Wisconsin citizens are legally allowed to carry firearms openly, Attorney General J.B. Van Hollen said in a memo to the state’s district attorneys Monday.
Currently, Wisconsin and Illinois are the only two states with laws preventing the carrying of concealed weapons. However, according to Van Hollen, there is nothing in state law regarding citizens who openly carry weapons.
“The Department (of Justice) believes that mere open carry of a firearm — absent additional facts and circumstances — should not result in a disorderly conduct charge,” Van Hollen wrote.
The memo came after various state district attorneys requested further information from the attorney general’s office regarding the relationship between the state’s statute allowing the open carry of firearms and the state’s disorderly conduct law.
In the memo, the attorney general cited a West Allis case in February, where a citizen wearing a holstered handgun on his property while doing lawn work was charged with disorderly conduct. According to Van Hollen, the man should not have faced a disorderly conduct charge.
Van Hollen did say, however, that the police may stop and question citizens who openly carry weapons if the officer has “reasonable suspicion based on articulable facts of criminal activity,” based on the individual circumstance.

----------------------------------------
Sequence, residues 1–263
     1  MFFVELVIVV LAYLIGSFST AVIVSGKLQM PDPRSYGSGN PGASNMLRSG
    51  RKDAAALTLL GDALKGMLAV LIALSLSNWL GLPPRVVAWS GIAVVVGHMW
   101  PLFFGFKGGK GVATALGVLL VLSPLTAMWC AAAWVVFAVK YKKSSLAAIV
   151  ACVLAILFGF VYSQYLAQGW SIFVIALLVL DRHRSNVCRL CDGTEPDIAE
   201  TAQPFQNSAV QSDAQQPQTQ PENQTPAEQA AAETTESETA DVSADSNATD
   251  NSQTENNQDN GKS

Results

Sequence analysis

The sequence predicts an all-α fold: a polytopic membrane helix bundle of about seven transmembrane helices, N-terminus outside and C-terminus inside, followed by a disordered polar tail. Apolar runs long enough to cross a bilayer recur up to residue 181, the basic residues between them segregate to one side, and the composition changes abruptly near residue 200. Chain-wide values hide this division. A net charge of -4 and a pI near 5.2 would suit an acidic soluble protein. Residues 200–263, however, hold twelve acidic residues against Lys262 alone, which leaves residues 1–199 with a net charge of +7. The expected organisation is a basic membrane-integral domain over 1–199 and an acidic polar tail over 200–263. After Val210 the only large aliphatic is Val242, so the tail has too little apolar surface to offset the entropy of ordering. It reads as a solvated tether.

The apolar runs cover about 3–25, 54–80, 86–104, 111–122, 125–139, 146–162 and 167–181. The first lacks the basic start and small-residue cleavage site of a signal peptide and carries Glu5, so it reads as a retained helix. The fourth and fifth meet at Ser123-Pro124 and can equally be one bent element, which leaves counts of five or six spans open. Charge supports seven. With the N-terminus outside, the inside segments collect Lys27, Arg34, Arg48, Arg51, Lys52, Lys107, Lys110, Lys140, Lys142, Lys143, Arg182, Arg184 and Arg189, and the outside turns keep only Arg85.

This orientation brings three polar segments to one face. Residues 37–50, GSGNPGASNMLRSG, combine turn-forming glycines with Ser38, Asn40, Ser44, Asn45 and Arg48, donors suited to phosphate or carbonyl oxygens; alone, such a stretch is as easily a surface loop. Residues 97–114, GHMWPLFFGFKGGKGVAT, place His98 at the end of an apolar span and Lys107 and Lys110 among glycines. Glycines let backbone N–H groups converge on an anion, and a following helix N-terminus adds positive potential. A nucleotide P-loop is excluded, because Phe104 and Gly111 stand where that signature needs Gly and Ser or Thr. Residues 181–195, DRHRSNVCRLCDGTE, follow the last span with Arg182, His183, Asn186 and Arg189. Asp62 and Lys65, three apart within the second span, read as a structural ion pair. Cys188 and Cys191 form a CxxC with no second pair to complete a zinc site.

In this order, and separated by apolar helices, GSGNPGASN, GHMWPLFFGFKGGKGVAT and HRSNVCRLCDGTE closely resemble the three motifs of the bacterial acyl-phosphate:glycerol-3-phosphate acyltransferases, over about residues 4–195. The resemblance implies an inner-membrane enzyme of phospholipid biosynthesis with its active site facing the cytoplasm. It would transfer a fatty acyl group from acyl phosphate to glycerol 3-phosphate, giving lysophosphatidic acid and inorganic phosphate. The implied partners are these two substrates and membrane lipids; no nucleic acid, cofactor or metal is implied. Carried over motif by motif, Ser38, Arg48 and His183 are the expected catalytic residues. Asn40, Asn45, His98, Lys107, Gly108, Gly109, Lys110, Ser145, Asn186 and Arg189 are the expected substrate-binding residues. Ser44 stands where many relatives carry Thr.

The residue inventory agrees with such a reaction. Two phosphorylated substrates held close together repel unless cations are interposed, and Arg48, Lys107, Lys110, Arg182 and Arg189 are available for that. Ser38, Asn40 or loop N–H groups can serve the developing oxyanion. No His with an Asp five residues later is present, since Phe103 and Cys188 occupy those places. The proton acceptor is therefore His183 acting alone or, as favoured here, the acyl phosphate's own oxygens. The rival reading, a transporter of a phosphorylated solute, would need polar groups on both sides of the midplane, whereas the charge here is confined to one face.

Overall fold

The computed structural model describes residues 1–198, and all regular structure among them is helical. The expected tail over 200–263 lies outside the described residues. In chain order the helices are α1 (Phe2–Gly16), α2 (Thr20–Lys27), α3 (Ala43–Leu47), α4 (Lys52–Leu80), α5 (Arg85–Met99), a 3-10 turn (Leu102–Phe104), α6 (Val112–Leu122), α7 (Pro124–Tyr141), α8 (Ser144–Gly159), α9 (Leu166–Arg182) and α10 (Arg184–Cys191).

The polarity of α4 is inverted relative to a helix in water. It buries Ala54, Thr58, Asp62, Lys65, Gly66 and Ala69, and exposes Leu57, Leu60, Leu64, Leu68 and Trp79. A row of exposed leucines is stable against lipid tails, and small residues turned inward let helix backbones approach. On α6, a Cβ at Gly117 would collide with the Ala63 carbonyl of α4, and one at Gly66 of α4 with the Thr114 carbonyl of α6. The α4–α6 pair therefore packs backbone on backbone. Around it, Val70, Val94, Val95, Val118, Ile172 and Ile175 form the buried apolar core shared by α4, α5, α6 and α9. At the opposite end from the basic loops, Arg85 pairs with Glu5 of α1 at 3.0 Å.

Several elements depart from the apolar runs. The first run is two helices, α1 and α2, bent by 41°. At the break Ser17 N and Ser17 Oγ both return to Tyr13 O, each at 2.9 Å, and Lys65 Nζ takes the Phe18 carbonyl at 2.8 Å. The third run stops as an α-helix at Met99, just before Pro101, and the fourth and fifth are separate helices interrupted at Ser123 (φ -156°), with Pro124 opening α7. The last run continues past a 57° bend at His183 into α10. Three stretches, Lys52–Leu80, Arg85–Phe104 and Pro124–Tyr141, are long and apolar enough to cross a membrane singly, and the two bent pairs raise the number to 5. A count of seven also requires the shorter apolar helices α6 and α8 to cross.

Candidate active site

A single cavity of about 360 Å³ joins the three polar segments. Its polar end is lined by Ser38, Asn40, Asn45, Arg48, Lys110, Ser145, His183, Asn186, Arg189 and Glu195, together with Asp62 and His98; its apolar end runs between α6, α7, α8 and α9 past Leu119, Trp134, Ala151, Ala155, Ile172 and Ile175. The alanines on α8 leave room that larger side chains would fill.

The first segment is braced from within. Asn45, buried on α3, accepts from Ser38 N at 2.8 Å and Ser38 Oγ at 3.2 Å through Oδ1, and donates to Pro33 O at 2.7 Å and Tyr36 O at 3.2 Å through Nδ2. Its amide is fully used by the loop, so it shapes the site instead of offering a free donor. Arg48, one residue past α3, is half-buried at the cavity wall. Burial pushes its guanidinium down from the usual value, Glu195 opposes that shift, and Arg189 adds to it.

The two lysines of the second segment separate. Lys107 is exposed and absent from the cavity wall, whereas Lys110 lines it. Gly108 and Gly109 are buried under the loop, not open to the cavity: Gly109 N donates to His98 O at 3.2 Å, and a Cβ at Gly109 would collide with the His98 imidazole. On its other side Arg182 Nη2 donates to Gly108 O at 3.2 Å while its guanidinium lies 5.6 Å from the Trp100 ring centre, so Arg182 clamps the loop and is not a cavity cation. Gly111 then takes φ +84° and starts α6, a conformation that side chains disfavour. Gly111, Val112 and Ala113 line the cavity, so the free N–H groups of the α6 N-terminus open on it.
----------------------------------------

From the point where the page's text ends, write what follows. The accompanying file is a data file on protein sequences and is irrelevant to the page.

Officers can also stop citizens even though they may not have any “basis to question the individual,” and can ask questions or verify a citizens’ identification, although the citizen being questioned does not have to answer, Van Hollen added.
“Even though open carry enjoys constitutional protection, it may still give rise to reasonable suspicion when considered in totality,” Van Hollen wrote.
According to University of Wisconsin political science professor Howard Schweber, the ruling is not common.
“I have to confess that’s an unusual rule. I am not familiar of another example of a state that has adopted a public carry law,” Schweber said.
On a federal level, the Second Amendment of the U.S. Constitution applies only to national laws, Schweber said, adding a recent Supreme Court decision ruled citizens could own a gun in their home, but said nothing about carrying a gun in public.